Most Helpful Customer Reviews
Every couple of years I come across a book that has a profound and enlightening effect on the way I perceive myself and the outside world. Coming Home to the Pleistocene was one such book, one I indadvertently picked up at a zoo bookstore. This book seemed to answer and address questions, hunches, and suspicions I had about what feels wrong with our present civilization and notions of 'progress'. I will be buying several copies of this book to pass on to friends. My only complaint about the book was that in a few areas the author was overly erudite and academic, yet this was easily remedied by having a dictionary handy.
This book has had a clear influence on two growing and related movements: rewilding, and the paleolithic diet. Its main idea is that humans remain wild on a genetic level, and can only remain tame to the detriment of our health: physical, mental, social, and otherwise.Maybe because it has been influential, it's already seeming a bit dated. Lierre Keith's The Vegetarian Myth provides a detailed critique of the agricultural diet, and so-called primitive skills groups are now taking some of his suggestions into practice. The political implications of his book, with those of Daniel Quinn's works, have been largely superseded by Derrick Jensen, Ward Churchill, and others, who have been more concerned with strategy than can be said for most authors. Nevertheless it's a useful if cursory look at human nature.Although I suppose I should add some more critical remarks. The author spends a lot of time looking backwards at human foraging, as something that no longer exists. However, hunters and gatherers remain, and although most use guns now, their traditional cultures remain. More specifically the author seems mostly interested in a particular sort of foraging people, the sort called "bands" by cultural anthropologists. He lumps these all together and treats them as if they are all more or less the same, ignoring the differences between them and stating simple facts that might apply to five hundred groups and not apply to five hundred others. In general, the author grossly neglects cultural differences, preferring instead to examine human behavior in terms of genetics.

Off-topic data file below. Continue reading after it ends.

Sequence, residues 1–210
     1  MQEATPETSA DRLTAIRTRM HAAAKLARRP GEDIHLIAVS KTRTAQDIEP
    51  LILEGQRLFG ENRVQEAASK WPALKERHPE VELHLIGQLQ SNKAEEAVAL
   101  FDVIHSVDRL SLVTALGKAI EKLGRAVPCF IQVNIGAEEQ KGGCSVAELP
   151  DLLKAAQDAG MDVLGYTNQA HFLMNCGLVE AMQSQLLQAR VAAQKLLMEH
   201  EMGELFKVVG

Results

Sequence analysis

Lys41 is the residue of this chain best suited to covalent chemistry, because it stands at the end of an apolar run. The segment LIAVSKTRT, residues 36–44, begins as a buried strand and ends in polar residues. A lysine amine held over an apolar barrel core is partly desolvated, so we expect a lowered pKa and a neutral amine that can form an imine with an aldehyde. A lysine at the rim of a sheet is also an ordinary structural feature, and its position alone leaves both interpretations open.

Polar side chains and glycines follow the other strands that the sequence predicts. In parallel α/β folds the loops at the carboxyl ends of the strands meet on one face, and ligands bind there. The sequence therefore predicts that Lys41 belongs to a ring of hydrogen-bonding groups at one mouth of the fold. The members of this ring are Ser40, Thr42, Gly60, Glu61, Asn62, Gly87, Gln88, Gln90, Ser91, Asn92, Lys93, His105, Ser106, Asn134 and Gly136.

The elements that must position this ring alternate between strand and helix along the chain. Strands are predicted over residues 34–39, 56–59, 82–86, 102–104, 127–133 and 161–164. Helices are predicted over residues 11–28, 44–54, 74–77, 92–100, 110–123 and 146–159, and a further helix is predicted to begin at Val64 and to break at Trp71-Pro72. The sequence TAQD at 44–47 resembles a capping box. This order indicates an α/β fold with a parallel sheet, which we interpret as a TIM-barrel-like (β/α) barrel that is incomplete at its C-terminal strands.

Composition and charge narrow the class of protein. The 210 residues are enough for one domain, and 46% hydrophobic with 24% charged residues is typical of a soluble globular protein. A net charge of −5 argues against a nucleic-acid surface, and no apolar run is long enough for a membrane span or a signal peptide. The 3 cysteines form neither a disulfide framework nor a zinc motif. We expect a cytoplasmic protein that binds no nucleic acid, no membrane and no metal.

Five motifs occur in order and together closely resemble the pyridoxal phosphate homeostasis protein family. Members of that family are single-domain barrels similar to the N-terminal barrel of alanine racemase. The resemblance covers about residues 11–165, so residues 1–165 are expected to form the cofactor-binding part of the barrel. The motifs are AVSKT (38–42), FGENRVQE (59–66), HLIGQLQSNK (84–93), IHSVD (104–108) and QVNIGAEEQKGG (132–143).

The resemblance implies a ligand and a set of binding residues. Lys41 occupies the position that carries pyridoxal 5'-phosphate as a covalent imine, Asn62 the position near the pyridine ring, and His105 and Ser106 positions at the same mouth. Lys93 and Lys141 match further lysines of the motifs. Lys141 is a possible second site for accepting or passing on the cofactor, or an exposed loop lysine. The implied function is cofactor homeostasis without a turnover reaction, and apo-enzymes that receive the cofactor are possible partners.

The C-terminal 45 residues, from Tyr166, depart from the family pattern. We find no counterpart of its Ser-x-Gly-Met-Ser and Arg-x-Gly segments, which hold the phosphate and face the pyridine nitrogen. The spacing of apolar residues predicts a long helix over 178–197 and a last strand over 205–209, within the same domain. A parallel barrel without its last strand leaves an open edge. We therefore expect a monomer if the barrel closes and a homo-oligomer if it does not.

Many consider the author among the great ecological thinkers of our century. This book, written shortly before his death, amplifies Shepard's original idea, that we suffer spiritual and physical debilitation because "we have, in the course of a few thousand years, alienated ourselves from our only home, planet Earth, our only time, the Pleistocene, and our only companions, our fellow creatures." Other highly recommended titles by Shepard, recently reprinted by the University of Georgia Press, include The Tender Carnivore and the Sacred Game (1973), Thinking Animals (1978), and Nature and Madness (1982).